It's farm party week! Today is the first day of preparations for the upcoming Farm party on Thursday. This is an annual party in which we invite members of the community to come up and observe the farm, have dinner, dance to live music and celebrate the harvest season. We will have two local bands playing and Josh and Ethan will be barbecuing burgers and zucchini for nearly seven hundred people. Part of my duties today included harvesting potatoes and onions that will be used for potato salad. We collected 150 pounds of potatoes and 75 walla-walla and ailsa craig onions and took them to "Two Sisters Catering" downtown. I also helped harvest for Mobile Market again today, although the numbers seemed unusually small. We brought in our first tomato harvest today as well for CSA, which is exciting. I am actually willing to try a farm fresh tomato this summer after Josh told me that they taste like sunshine. It wouldn't be the first time I've found myself pleasantly surprised this summer. I've never been a huge fan of raw onions, but somehow found myself eating a sweet onion as if it were an ice cream cone.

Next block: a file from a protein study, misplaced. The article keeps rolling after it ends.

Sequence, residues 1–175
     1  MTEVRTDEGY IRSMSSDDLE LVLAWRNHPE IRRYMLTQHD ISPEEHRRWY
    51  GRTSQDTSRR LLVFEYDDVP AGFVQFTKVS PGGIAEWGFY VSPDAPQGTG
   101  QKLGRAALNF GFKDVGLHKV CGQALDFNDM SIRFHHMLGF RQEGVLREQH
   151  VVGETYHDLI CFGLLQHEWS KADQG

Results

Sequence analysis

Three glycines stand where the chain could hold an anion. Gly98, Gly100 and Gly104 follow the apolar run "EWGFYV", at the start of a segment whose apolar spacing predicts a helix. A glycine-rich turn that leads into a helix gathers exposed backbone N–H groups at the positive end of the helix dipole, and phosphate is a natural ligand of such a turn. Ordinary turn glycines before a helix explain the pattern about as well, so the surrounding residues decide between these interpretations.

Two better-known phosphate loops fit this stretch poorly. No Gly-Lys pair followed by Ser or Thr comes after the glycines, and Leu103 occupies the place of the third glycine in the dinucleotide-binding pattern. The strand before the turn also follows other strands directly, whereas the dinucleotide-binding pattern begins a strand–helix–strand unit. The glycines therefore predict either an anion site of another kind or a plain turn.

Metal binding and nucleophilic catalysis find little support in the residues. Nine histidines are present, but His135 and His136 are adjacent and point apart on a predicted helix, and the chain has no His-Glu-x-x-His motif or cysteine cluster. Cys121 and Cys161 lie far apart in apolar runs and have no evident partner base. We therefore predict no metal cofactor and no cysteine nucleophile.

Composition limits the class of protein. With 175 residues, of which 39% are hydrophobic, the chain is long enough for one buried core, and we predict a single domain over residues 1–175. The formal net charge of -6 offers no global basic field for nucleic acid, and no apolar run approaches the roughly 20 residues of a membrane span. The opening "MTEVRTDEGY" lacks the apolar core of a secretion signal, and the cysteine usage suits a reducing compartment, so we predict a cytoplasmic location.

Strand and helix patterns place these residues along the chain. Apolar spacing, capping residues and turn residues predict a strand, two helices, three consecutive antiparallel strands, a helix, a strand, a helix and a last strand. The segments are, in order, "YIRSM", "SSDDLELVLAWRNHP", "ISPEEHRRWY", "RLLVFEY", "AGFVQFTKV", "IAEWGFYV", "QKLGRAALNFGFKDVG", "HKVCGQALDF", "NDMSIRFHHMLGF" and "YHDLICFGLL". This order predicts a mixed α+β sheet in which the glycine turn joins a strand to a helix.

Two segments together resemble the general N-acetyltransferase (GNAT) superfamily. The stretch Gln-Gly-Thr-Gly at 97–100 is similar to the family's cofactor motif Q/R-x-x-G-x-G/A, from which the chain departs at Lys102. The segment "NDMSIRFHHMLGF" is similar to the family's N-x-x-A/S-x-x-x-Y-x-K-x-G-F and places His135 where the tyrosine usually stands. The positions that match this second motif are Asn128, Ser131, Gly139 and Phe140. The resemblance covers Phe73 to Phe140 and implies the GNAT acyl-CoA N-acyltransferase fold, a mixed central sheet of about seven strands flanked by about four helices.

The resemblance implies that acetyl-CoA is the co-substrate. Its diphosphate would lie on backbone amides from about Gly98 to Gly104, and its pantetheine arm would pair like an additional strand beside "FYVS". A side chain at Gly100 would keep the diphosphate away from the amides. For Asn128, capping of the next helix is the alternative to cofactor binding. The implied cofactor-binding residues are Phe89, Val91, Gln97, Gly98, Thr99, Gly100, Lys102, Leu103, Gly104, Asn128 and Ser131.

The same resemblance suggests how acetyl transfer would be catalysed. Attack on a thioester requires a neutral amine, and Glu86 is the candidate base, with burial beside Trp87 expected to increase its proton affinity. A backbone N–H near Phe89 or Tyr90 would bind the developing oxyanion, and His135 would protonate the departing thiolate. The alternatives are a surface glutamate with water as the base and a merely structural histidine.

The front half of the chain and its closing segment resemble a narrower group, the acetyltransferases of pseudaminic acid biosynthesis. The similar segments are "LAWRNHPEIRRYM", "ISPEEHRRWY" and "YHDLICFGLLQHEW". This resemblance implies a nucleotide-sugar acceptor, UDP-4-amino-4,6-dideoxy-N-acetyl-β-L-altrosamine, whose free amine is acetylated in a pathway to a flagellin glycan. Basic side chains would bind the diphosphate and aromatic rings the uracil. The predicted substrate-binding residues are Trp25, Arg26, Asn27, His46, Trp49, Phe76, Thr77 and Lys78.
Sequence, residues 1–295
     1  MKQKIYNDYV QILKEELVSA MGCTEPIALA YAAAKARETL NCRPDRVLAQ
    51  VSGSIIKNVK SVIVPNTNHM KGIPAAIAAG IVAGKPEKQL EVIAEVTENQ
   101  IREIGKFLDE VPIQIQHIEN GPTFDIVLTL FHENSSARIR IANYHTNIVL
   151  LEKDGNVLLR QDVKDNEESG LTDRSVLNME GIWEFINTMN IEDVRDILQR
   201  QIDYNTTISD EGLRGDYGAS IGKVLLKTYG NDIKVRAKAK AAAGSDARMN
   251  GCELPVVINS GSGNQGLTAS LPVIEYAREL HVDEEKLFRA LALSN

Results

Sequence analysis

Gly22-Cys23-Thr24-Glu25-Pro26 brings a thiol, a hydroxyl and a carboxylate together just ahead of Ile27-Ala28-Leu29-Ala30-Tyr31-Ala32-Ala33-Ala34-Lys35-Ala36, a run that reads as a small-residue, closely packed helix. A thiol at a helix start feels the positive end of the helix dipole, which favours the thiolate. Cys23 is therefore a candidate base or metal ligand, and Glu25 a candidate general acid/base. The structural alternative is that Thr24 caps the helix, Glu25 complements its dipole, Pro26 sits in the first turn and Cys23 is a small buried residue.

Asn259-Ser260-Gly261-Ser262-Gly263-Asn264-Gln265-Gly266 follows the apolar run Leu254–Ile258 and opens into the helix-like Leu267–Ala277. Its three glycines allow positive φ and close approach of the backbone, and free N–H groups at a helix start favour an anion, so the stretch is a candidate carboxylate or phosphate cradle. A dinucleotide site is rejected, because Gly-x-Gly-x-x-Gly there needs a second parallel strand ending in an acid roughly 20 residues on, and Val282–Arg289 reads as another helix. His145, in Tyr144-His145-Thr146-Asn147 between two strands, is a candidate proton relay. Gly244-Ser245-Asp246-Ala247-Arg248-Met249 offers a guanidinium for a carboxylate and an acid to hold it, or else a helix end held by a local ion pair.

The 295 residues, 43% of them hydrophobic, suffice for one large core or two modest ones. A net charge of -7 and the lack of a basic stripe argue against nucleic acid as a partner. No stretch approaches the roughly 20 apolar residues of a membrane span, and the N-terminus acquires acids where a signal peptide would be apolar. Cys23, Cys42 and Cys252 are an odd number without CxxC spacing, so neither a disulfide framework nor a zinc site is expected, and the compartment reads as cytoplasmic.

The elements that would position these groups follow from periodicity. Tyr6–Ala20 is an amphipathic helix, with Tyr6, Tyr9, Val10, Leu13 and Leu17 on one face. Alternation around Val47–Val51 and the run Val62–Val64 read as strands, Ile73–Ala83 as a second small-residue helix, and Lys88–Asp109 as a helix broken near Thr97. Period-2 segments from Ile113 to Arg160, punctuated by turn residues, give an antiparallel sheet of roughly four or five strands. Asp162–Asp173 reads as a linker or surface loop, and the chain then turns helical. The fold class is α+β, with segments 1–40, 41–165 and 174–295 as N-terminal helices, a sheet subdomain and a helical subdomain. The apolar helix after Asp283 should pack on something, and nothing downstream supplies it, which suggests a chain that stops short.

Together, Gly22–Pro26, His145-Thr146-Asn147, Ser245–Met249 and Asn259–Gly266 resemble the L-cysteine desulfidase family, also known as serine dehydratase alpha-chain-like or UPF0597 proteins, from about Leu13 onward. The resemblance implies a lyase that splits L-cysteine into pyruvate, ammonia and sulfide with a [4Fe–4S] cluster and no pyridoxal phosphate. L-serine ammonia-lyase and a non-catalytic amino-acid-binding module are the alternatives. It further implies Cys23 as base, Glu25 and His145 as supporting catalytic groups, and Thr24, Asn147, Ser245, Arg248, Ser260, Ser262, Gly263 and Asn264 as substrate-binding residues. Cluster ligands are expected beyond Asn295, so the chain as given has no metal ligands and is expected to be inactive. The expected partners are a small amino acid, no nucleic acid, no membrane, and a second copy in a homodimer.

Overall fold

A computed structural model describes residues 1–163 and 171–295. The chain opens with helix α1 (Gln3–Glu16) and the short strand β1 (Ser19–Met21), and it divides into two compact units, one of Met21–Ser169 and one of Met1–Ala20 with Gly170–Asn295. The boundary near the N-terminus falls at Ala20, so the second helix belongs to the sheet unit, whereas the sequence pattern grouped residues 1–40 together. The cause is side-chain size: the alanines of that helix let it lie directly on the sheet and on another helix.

The mornings are slowly growing cooler, and I can feel the height of summer reluctantly slipping into the past. I feel as though the mood of the farm has changed. As people begin to prepare for the start of school, I can sense the anxiety in the air. The group seems more on edge, and I am not sure if that is due in part to the upcoming party, or the end of summer. Probably a combination of both. The air around the farm is hazy against the clear blue sky. Fires in the bitterroot spill their remains into the atmosphere. Our cabbage patch is alight with hundreds of white butterflies. They look beautiful to the lay man, but to the farmer their appearance is much less welcome. The flittering white creatures bury their eggs in the soil, which become grubs that will eat our cabbage, our labor of love. Such is the fight that every farmer must face I suppose. In the way that we choose to work the land, the challenge is ever greater, but the reward is definitely worth the struggle in my humble opinion.